We tried to place her in hospice respite for a few days, but because of the unique mix of physical issues she was dealing with and the fact that she had been refusing medication (sometimes throwing pills at me when I handed them to her), nobody would take her.
People would ask if we’d considered paying for someone to come in and take care of her, but the care she wanted was for someone to sit next to her and stare into her eyes while holding her hand. We couldn’t afford to pay someone to do that all day, just to keep her from crying, and we couldn’t stop our lives to do only that, so we started working with the hospice doctor and nurses to find medications that would help keep her calmer. Some of them made it so much worse. None of them seemed to help. I felt so guilty about medicating her at all. When she’d reach a tipping point of enough medication in her system and being exhausted from crying, she would pass out and we could rest. We were all so tired, and I felt like I was losing it.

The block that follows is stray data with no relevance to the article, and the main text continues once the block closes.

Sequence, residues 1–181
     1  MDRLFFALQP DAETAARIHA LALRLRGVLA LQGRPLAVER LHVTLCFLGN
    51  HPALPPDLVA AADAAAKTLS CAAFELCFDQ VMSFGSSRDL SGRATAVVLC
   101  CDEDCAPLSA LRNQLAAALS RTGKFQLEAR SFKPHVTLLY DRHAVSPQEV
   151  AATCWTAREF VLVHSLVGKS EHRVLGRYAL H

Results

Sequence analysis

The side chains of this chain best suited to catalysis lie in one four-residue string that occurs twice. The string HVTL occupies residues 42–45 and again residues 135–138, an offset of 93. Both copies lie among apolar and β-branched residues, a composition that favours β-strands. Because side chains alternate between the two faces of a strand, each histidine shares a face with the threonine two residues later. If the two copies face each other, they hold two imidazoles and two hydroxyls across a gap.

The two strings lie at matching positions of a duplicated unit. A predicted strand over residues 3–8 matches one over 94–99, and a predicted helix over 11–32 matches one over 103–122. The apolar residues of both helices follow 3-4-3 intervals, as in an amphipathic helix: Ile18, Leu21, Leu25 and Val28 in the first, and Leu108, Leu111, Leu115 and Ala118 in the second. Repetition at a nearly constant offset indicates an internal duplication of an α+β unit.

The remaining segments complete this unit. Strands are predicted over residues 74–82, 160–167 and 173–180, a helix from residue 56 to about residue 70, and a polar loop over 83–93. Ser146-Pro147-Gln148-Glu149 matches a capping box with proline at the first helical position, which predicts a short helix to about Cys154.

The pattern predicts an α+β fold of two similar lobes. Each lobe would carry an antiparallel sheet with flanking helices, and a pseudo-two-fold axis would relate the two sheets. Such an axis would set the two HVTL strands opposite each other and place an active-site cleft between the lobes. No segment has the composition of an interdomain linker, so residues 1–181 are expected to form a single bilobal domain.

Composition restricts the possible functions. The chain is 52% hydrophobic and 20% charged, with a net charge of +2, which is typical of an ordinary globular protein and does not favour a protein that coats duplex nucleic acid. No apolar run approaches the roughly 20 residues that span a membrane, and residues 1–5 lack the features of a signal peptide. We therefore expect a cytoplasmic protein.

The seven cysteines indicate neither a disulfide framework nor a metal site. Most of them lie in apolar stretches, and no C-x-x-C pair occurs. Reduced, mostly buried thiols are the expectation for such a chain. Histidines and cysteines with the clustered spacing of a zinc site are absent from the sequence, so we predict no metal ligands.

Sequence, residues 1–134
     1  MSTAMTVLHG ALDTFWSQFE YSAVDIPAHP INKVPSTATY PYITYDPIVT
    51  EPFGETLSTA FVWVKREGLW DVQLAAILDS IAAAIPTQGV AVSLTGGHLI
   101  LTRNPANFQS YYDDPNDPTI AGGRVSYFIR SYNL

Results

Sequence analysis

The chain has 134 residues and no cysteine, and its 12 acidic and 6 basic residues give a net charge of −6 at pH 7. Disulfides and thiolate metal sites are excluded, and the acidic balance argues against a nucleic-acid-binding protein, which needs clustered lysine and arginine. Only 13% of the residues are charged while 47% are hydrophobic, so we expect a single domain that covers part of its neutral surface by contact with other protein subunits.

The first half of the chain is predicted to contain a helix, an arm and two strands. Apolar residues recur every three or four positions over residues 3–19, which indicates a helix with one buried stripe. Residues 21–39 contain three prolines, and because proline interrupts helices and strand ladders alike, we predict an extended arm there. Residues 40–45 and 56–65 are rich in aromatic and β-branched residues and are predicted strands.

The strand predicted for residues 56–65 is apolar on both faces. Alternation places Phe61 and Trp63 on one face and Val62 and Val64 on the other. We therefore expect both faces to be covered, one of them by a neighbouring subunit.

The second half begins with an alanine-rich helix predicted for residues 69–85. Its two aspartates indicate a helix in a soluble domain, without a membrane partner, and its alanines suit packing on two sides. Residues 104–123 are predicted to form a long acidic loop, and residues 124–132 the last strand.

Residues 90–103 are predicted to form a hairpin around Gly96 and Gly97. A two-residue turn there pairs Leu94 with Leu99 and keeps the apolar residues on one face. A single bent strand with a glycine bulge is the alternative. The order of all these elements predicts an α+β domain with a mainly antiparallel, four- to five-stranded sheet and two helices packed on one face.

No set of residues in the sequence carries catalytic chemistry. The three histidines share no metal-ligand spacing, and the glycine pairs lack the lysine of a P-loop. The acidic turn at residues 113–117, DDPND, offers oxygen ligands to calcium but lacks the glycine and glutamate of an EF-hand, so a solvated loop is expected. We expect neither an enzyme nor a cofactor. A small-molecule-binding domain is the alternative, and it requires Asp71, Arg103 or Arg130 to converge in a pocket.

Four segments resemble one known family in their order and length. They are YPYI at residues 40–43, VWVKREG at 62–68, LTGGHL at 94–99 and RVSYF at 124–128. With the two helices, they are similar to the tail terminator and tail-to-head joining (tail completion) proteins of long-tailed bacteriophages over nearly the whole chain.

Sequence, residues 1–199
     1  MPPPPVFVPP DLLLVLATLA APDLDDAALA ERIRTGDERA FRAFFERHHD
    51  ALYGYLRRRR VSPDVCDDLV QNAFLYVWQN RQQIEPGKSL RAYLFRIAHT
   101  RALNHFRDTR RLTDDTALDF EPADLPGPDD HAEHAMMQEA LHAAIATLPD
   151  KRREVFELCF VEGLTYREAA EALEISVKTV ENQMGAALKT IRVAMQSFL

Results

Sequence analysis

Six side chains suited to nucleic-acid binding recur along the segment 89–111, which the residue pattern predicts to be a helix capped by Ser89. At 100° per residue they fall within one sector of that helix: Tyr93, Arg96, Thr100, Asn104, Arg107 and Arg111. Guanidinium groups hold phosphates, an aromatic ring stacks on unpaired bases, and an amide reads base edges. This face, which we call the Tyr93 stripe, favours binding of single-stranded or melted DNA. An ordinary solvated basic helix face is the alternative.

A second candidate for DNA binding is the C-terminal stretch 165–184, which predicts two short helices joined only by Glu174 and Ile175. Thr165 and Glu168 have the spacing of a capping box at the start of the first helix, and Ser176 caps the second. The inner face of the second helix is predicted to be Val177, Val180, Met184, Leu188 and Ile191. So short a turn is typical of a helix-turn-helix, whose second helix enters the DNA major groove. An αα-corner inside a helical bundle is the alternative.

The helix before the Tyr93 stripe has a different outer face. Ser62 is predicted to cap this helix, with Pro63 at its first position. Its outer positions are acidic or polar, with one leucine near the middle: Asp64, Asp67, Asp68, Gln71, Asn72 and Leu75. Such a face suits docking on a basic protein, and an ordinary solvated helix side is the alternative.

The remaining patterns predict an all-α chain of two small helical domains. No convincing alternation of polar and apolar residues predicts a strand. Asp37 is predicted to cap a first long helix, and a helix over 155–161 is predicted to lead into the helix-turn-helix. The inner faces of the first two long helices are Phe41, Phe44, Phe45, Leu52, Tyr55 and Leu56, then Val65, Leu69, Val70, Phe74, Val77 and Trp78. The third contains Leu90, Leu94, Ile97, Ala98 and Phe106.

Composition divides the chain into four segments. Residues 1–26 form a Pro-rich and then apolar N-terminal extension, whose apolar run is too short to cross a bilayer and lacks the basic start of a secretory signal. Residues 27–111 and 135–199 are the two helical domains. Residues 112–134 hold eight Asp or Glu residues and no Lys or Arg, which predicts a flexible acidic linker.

Finally, in April, during this new era of increasing amounts of daily medication delivered in timed doses round the clock, she started to exhibit real signs of decline. Her ultimate passing came on relatively quickly, considering how long she’d survived every bump since the first stroke. And then one day, she was gone.
I was alone with her when it happened. For days she’d been breathing loudly with a raspy gargle, as though she was drowning in her bed. We’d been instructed to stop feeding her or giving her anything to drink because she no longer had the strength to swallow. She was 95 and had a “do not resuscitate” order. She wasted away loudly for three days. And then she was eerily silent. I had already asked a nurse to come look in on her because of how loudly she was breathing, and when she went quiet I called again to report that I thought she’d passed away. I went and looked at her for a long time, unsure of how I felt or what I was hoping to see.
And then we were free. She was released from her broken body, and we were released from the role of caregivers. That night, my mom and brother and I went out to dinner together and left the house empty for the first time in 12 years. I stopped to lock the door on our way to the car, and my mom was surprised that I even knew where my key was because we hadn’t needed to use them for so long.